Acts & Facts is a publication of ICR. We suspect they have no problem publishing it, but they can’t use it — at least now — to promote their graduate school the way they may have been doing in the past.
We don’t know if the civil rights laws have ever been applied to “viewpoint discrimination” before. Race, sure. Gender, certainly. And religion also, where, for example, a state agency wouldn’t hire someone based on church membership. But can there be “viewpoint discrimination” in the context of science education? How can someone teach science if his viewpoint is anti-science? Is it unfair discrimination to deem him unfit? That’s what this case is all about.
Well, let’s go on with the complaint. There are several pages about the court’s jurisdiction, and why the case is properly brought in Dallas. We’ll skip that stuff. Then they give a load of history, about how the Board has turned them down in the past. Useful information, but boring. However, in the “Curriculum” section starting on page 17, where they recount that they were told their sources were “creationist,” we quote from the next page:
The former criticism is blatant viewpoint discrimination, offending ICRGS’s institutional academic freedom rights under the 1st and 14th Amendments. ICRGS, which conspicuously affirms its Biblical creationist viewpoint as an institutional distinctive, [sic] should not be required to academically “shut its mouth” or “go to the back of the [postsecondary science education] bus” just because it affirms the truth of Genesis 1:1, or because ICRGS corroborates the Biblical account of the Genesis Flood (the historicity of which has been repeatedly corroborated).
[Except for that "sic," where they presumably meant to say "distinction," all formatting in the foregoing excerpt, including the bracketed language, is in the original.]
What’s so touching about this is that ICR appears to be serious. They’re quite forthright about what they teach, but they just don’t grasp that courts have repeatedly found their creation “science” to be religion, and thus the states can’t promote it. Let’s continue, but we’ve got to skip a lot or we’ll be at this forever.
In paragraphs 64-66, on pages 28-29, they explain why the Board’s “review panel” (which turned them down) was flawed. It was comprised of experts who were all “evolutionists,” and there was no “balanced representation.” Paragraph 66 says there were no Biblical creationism-affirming educators on the panel, only self-avowed evolutionists who had no expertise regarding Biblical creationism-affirming private Christian education.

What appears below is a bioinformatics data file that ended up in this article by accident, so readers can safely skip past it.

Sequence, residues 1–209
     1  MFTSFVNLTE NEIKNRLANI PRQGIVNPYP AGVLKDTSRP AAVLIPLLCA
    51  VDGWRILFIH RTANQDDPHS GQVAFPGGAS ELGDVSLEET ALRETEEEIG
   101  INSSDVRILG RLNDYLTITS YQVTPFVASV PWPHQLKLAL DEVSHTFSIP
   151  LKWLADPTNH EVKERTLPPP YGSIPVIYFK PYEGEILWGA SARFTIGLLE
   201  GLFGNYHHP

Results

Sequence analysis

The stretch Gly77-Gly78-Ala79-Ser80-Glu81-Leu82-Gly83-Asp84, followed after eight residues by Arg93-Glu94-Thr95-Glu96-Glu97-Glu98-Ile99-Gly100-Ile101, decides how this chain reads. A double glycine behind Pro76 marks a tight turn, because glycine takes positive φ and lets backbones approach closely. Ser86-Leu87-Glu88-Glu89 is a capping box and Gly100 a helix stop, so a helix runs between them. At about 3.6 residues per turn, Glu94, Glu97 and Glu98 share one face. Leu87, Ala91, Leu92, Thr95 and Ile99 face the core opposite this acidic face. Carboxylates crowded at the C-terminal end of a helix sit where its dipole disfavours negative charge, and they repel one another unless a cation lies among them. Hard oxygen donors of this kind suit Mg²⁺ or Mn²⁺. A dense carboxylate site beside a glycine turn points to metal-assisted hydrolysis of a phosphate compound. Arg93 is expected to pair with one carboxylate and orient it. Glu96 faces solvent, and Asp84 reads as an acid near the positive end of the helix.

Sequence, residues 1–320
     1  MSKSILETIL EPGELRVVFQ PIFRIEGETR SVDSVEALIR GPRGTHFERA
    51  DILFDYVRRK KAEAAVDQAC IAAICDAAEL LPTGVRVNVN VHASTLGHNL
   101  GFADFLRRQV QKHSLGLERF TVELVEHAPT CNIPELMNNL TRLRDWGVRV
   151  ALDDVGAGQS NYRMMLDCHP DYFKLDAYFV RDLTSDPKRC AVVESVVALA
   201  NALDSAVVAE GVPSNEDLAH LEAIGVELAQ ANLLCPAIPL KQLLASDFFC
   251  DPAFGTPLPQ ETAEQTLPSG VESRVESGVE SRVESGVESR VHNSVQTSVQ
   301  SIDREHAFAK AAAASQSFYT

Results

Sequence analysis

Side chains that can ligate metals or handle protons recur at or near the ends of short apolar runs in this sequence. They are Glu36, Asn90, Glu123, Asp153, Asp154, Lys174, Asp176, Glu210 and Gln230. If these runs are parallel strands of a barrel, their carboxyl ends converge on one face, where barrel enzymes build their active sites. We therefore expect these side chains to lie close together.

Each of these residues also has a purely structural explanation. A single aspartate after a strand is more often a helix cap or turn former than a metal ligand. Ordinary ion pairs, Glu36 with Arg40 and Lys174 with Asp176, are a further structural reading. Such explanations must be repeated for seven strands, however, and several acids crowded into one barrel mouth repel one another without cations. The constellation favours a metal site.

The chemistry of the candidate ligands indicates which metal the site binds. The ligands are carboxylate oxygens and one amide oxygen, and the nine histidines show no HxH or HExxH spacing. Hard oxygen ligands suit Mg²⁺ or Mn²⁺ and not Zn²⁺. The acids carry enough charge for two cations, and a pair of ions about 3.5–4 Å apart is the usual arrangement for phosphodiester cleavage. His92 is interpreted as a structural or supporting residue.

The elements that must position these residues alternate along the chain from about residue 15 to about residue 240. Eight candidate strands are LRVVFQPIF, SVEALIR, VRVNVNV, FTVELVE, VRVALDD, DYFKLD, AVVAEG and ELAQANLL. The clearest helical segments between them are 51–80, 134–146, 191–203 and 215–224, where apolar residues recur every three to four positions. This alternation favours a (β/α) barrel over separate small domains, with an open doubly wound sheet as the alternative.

Paragraph 68 on page 30:
ICRGS simply agrees with, and thus adopts, the Bible-transmitted view of the apostle Paul, who wrote that the natural creation so effectively displays proof of God’s creatorship that anyone who rejects that evidence is “without excuse”.
Hey, what’s the problem here? Why can’t their graduates be certified to teach science in Texas?
Moving to near the end, paragraph 134 on page 61 is a beauty. “… ICR’s minority viewpoint, which is sincerely and institutionally held … impacts ICR’s ability to “freely exercise” its religious and scientific viewpoints, which include its sincerely held beliefs that …”
Then they enumerate those beliefs: the Great Commission of Matthew chapter 28 is obligatory; Genesis 1:1 is foundational truth; “science” [their quotes] should not be taught from an “atheistic evolution-only” perspective [they show, with a scriptural reference, that doing so is false]; the big bang is false and is “science so-called;” and finally that science should emphasize the importance of the Genesis Flood, due to its unique worldwide impact on earth’s history.
After that, if you can believe it, they go on at length to expand upon those “sincerely held beliefs.” If those beliefs are “sincerely held,” and they say “sincerely” several times, then they get extra credit in court, right?
In conclusion, they want the Board to be ordered to give them a Certificate of Authority to grant Master of Science degrees in Science Education, with optional minors in Biology, Geology, Astro-geophysics, and General Science.
Their graduates could then go on to get certified to teach science in Texas public schools. Do you have any objection to that?
Addendum: Our follow-up post is here: ICR v. Paredes: Second Impressions.